I will be presenting a paper titled “‘Picturing Possibilities’: AIDS Activism, Disability, and the Politics of Belonging” at the National Women's Studies Association Annual Conference in Atlanta Georgia on Sunday, November 11th, as part of a panel on Queer World-Making and/as Resistance: Radical Histories and Utopian Futures.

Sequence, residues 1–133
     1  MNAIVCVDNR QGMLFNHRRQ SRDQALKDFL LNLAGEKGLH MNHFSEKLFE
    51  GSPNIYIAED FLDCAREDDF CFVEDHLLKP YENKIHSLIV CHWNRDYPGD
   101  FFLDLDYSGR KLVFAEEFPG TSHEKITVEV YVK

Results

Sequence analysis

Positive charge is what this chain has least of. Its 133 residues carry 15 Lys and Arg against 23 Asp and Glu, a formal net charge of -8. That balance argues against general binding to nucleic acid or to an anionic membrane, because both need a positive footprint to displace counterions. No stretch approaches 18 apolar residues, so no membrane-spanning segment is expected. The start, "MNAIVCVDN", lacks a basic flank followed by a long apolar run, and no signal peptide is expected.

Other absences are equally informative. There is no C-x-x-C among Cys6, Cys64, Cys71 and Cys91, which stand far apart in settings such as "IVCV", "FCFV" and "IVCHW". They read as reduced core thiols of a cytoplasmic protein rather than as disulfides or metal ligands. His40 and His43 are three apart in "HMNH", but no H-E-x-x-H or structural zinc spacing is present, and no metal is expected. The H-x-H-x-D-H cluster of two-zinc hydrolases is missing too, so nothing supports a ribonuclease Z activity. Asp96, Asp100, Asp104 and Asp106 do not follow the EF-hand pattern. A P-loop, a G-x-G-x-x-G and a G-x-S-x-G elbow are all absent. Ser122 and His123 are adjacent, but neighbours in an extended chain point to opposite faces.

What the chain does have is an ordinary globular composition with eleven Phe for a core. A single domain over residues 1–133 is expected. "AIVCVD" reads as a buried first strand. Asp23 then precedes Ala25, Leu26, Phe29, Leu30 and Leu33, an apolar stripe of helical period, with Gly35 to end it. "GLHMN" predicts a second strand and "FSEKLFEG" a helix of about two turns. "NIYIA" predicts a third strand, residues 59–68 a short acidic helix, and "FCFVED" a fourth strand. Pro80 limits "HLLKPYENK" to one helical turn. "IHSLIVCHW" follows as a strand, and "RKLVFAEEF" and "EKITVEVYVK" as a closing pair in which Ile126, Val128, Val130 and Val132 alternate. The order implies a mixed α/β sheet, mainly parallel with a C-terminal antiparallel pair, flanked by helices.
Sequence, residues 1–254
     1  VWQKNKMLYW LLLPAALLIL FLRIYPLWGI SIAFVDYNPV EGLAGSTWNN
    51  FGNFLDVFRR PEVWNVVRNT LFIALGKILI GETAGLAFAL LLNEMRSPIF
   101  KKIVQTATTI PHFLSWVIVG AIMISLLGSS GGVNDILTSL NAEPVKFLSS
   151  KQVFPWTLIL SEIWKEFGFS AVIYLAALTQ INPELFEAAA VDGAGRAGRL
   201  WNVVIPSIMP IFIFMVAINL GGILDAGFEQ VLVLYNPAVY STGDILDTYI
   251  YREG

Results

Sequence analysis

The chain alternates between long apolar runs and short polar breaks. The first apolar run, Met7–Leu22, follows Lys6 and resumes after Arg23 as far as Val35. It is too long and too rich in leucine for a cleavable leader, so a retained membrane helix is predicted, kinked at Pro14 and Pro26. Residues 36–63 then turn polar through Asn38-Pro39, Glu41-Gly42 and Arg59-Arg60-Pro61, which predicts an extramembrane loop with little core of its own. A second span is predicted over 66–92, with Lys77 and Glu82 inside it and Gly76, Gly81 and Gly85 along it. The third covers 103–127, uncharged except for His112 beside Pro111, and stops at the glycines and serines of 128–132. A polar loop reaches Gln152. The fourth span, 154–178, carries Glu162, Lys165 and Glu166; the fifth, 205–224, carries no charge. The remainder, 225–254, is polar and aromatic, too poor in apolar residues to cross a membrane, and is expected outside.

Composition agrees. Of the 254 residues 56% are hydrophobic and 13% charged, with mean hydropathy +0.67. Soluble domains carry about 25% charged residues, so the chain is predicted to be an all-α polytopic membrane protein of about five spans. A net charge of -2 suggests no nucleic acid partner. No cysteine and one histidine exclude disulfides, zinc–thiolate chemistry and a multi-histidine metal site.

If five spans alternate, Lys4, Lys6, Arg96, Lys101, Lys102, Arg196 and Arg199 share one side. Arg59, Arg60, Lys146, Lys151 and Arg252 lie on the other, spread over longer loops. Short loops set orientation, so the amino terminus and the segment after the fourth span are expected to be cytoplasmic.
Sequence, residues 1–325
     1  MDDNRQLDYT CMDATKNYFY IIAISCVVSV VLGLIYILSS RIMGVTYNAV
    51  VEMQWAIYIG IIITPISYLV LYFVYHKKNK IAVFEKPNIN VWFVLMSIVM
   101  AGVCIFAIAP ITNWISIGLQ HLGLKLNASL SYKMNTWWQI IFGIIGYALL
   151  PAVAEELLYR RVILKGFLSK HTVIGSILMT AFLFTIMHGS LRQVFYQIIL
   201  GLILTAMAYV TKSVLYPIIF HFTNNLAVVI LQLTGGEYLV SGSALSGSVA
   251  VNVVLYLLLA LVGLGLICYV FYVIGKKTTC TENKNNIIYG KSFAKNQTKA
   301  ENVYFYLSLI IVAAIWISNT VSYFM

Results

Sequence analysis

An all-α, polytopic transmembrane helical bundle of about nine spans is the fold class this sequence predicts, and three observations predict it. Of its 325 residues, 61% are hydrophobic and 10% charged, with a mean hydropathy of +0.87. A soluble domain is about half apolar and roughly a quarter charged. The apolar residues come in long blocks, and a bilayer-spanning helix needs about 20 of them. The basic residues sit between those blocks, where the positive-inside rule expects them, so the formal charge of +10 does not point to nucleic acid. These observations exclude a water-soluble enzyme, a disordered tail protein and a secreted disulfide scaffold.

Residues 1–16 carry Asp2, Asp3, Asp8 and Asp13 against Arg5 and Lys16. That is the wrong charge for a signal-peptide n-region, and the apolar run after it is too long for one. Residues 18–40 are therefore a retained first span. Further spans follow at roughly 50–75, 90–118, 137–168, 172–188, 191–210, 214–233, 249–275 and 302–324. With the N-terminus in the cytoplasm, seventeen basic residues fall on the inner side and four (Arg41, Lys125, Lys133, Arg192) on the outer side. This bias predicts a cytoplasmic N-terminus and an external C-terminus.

This panel looks to histories of radical feminist and queer activism to assess the lessons they might hold for the future of intersectional social justice organizing. Tackling topics from radical feminism and AIDS activism to insane liberation and queer labor coalitions, these papers ask how the utopian visions these movements espoused might hold the key to alternative forms of queer and feminist relationality. For instance, what kind of utopian futures do 1970s radical feminism and 1980s AIDS activism envision, and what gender and sexual formations do they make possible? How does the mad liberation of the 1970s call into question a queer politics based on claims to rational subjecthood? And finally, how might the militant roots of labor organizing hold possibilities for new alliances between the labor movement and queer prison abolitionists? Bringing an intersectional approach to feminist and queer history, these papers highlight the uneven and often imperfect attempts to bridge issues of gender, sexuality, race, class, age, and disability within these radical historical movements. By attending to the possibilities, as well as the limitations, of these movements for social change, this panel considers what radical imaginaries, utopian visions, and militant tactics these histories have to offer our present moment.